â€œIt doesnâ€™t matter if there are people in both of our countries who want to turn a new page,â€ he continued. â€œThe Obamas and Rouhanis of our countries are just one segment of the political establishment.â€
Well, Narges, let me just advise you, that when a lame duck president ignores the US Constitution and makes an end-run around the Senate by making a treaty in the form of an executive order, hostile foreign adversaries of America ought to be aware that the next president may be of a different party and of a different mind and will be perfectly entitled to reverse his predecessor’s decision.
And, yes, personally, I do want to see the mullahs on their knees, in complete surrender, and you out of the United States.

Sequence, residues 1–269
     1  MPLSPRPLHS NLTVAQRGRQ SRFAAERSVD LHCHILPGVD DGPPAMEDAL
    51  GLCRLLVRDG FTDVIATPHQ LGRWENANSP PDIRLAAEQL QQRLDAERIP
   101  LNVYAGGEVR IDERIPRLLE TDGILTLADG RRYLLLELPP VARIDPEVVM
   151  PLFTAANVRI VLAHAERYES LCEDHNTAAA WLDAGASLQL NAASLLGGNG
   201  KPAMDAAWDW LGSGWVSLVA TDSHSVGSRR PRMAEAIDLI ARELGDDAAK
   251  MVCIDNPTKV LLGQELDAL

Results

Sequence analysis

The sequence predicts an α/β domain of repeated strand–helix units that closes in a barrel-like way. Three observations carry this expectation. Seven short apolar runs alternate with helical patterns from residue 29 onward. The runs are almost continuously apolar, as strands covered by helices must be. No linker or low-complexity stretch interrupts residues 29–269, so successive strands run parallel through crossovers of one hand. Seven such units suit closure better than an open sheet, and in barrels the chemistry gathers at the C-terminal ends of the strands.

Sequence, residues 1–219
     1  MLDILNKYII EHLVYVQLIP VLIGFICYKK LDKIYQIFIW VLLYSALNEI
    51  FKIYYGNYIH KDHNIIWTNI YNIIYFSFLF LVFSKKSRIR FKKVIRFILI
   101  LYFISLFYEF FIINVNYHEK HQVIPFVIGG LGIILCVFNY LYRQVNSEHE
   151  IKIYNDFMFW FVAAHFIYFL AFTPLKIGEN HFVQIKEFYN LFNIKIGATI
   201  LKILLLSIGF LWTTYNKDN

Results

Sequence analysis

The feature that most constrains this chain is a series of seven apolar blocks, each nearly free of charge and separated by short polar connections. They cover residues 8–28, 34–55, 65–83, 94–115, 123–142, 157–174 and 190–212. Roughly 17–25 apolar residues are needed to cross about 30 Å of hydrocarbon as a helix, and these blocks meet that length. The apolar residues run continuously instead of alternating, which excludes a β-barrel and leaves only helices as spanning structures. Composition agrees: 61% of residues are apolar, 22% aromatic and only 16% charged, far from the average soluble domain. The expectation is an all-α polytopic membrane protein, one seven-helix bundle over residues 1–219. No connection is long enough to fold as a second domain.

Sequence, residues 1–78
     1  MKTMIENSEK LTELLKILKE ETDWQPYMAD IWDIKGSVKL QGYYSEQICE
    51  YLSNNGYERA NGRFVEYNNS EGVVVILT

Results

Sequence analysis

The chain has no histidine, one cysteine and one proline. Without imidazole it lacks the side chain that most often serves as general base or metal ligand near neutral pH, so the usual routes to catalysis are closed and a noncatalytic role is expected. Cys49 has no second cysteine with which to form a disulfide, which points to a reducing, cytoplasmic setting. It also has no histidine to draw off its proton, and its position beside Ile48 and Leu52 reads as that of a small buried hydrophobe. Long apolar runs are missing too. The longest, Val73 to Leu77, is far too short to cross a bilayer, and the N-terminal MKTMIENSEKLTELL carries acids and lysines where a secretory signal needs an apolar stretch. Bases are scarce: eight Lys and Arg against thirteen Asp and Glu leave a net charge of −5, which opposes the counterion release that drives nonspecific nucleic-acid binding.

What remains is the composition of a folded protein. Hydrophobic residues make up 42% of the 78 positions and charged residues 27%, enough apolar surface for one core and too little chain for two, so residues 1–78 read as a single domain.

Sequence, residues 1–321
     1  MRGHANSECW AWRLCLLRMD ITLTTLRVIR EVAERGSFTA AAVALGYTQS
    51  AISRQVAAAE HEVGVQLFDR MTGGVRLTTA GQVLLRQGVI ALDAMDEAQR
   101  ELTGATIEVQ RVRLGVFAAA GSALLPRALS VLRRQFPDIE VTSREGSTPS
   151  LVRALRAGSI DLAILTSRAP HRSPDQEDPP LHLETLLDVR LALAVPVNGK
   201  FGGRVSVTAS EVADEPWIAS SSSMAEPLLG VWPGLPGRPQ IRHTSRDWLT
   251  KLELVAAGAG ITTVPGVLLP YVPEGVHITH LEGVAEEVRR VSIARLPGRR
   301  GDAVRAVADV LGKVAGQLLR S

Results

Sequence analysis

Pericles Lewis, currently the founding president of Yale-NUS College, will assume the combined role of vice president for global strategy and deputy provost for international affairs in the fall of 2017, President Peter Salovey and Provost Ben Polak announced.
Lewis will take up the new position at the conclusion of his five-year term in his current post.
This key post within the University Cabinet has been vacant since Linda Lorimerâ€™s retirement in the spring of last year. Lewisâ€™ appointment â€œwill provide renewed and unified focus to a vitally important area of the university,â€ Salovey and Polak said in letter to Yale faculty and staff announcing the appointment.
Founded as a Collegiate School in 1701 for the training of ministers for the Congregational Church in the Colony of Connecticut, Yale has come a long way.
We all know that, over time, Yale’s mission evolved into the molding and education of members of the national leadership class, but the question is: When exactly, and how, did Yale acquire a Global Mission and its own Foreign Policy?